Violent Weekend in Iraq Kills Over 220
- From: "Bob Brock" <bbrock@xxxxxxxxxxxxx>
- Date: Sun, 8 Jul 2007 15:42:21 -0400
Prominent Shiite and Sunni politicians called on Iraqi civilians to take up
arms to defend themselves after a weekend of violence that claimed more than
220 lives, including 60 who died Sunday in a surge of bombings and shootings
The calls reflect growing frustration with the inability of Iraqi security
forces to prevent extremist attacks.
Police also reported they found the bodies of 29 men Sunday scattered across
Baghdad - presumed victims of sectarian death squads. Four other people were
killed Sunday in separate shootings in Baghdad, police said on condition of
anonymity because they were not supposed to release the information.
The string of attacks in the Iraqi capital showed that extremists can still
unleash strikes in the city despite a relative lull in violence here in
recent weeks amid the U.S. offensives in and around Baghdad.
Regardless of the precise figure, the attack was clearly among the deadliest
in Iraq in months. It reinforced suspicions that al-Qaida extremists were
moving north to less protected regions beyond the U.S. security crackdown in
Baghdad and on the capital's northern doorstep.
During a press conference Sunday in Baghdad, al-Bayati criticized the
security situation in Armili, saying its police force had only 30 members
and that the Interior Ministry had finally responded to requests for
reinforcements only two days before the attack.
In the absence of enough security forces, al-Bayati said authorities should
help residents "arm themselves" or their own protection.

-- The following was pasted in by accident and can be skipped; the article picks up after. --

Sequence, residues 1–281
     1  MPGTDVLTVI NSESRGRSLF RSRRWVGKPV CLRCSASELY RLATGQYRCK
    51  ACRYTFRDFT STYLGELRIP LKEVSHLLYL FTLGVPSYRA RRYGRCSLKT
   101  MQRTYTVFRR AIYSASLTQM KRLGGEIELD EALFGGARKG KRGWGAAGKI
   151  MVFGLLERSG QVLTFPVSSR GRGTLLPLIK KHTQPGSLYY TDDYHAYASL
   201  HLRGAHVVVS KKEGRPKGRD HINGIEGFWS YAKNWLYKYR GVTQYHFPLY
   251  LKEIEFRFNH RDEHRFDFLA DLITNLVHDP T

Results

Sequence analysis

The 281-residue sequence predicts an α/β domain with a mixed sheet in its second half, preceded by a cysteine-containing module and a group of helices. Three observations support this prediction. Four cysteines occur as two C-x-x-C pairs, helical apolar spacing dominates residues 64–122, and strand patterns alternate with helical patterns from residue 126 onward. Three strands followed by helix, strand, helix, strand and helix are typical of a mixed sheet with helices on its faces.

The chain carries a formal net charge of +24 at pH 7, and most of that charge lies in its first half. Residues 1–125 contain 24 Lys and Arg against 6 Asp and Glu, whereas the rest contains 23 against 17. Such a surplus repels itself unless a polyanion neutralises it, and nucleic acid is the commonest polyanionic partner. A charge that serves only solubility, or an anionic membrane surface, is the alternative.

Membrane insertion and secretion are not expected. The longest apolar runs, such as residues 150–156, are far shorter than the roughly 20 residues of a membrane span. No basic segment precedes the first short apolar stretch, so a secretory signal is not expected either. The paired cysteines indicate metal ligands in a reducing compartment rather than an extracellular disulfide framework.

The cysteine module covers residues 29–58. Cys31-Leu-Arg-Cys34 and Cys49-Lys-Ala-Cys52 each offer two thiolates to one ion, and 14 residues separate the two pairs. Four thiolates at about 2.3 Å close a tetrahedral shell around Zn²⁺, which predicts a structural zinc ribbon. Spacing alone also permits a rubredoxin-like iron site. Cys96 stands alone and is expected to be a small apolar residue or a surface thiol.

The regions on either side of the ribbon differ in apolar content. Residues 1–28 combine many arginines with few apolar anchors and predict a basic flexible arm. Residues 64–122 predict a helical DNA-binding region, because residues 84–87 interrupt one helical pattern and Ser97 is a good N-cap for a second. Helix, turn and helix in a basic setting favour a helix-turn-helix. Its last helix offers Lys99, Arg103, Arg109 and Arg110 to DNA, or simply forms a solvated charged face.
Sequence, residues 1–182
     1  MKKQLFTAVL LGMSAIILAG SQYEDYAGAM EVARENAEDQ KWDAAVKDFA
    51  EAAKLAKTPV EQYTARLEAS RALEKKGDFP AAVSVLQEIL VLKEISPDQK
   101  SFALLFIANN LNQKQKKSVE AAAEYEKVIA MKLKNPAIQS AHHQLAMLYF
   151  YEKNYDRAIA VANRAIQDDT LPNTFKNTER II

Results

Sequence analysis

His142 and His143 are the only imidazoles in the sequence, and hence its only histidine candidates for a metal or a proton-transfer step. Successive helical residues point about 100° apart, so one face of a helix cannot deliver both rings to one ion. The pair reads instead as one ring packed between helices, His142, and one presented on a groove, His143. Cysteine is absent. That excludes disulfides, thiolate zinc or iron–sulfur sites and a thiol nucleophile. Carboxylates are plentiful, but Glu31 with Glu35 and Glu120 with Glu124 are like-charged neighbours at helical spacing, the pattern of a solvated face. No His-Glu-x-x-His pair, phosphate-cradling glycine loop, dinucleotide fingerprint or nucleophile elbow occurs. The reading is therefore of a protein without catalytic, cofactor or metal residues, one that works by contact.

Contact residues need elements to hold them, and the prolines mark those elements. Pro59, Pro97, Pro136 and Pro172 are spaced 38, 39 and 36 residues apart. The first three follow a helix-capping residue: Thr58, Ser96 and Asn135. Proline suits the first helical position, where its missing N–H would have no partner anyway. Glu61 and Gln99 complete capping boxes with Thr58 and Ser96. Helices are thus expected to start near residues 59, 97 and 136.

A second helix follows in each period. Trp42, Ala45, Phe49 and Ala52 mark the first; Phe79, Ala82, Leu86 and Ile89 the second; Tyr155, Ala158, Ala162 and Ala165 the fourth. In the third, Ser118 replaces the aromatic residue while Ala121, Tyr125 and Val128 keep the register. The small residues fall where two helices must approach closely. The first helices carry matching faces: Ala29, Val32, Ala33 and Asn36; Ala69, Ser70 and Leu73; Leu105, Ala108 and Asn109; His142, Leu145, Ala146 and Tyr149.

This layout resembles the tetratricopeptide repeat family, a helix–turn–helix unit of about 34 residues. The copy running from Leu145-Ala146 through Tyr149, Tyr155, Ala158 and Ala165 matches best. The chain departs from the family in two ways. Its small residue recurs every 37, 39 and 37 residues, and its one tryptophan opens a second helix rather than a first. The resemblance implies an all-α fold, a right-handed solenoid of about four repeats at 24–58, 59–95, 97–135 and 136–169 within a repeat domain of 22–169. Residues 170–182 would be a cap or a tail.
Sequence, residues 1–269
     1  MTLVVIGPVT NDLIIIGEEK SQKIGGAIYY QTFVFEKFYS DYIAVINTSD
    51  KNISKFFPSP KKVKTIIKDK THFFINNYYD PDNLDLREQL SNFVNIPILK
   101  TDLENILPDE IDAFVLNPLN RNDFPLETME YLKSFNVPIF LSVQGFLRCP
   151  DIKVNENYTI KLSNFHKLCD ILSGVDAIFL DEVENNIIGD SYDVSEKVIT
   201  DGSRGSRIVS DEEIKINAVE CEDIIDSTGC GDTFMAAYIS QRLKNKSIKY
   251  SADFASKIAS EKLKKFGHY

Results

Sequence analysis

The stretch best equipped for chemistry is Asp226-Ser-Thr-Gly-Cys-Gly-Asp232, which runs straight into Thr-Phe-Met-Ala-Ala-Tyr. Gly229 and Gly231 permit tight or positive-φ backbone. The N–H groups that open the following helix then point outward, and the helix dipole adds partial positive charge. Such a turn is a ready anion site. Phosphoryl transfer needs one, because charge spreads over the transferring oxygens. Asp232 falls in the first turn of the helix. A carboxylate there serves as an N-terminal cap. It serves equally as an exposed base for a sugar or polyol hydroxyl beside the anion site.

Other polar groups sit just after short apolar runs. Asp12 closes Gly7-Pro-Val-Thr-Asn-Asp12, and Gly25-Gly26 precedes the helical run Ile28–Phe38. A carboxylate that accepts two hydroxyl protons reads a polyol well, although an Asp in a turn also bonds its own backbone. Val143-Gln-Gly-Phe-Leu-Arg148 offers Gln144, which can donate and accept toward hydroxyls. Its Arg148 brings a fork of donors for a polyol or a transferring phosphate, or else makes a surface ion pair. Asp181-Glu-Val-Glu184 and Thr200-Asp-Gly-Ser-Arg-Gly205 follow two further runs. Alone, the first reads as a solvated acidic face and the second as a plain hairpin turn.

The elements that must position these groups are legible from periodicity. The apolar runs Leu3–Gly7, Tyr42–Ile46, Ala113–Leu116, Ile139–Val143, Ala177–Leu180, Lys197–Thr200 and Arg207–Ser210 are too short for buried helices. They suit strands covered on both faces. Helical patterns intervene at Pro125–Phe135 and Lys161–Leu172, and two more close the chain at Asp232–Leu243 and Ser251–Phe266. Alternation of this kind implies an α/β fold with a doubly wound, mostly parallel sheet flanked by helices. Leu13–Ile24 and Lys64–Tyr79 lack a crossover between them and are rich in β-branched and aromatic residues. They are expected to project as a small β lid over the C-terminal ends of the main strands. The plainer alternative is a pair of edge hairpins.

The call for civilians to take up arms in their own defense was echoed
Sunday by the country's Sunni Arab vice president, Tariq al-Hashemi, who
said all Iraqis must "pay the price" for terrorism.
"People have a right to expect from the government and security agencies
protection for their lives, land, honor and property," al-Hashemi said in a
statement. "But in the case of (their) inability, the people have no choice
but to take up their own defense."
He said the government should provide communities with money, weapons and
training and "regulate their use by rules of behavior."
Another prominent Sunni lawmaker, Adnan al-Dulaimi, said Prime Minister
Nouri al-Maliki had failed to provide services and security but he stopped
short of saying his followers would seek to topple the Shiite-led
"The situation has become terribly bad," al-Dulaimi told The Associated
Press. "All options are open for us. We are going to study the situation
thoroughly, and we are going to look into the possible measures which go
with the interests of the Iraqi people. We will also consider whether to
keep on with the government or not."
The idea of organizing local communities for their own defense has caught on
here in recent months following the success of Sunni Arab tribes in Anbar
province that took up arms to help drive al-Qaida from their towns and
U.S. and Iraqi officials have said they hope to replicate the "Anbar model"
elsewhere in the country, albeit under government supervision and control.
On Sunday, Lt. Gen. Ali Gheidan said the Iraqi army planned to raise
volunteer forces in Diyala province, where U.S. and Iraqi forces have driven
al-Qaida fighters from part of the capital of Baqouba. He said more than
3,800 volunteers had already been recruited.
"Their mission will be like the police, working under the Iraqi police,"
Gheidan told reporters. "They work as a protection for each area, and they
will only be from the residents of that area. Their role is to hold onto
territory after it has been cleansed by the military."
U.S. commanders have long believed the key to restoring security was the
ability of Iraqi forces to hold on to areas cleared by American troops.
Several senior U.S. officers have questioned whether the Iraqi police and
army were capable of preventing insurgents from returning once the Americans
Local defense forces would offer a way to compensate for weaknesses in the
Iraqi police and army, but without careful controls, the system could
backfire by promoting more militias in a country already awash in weapons.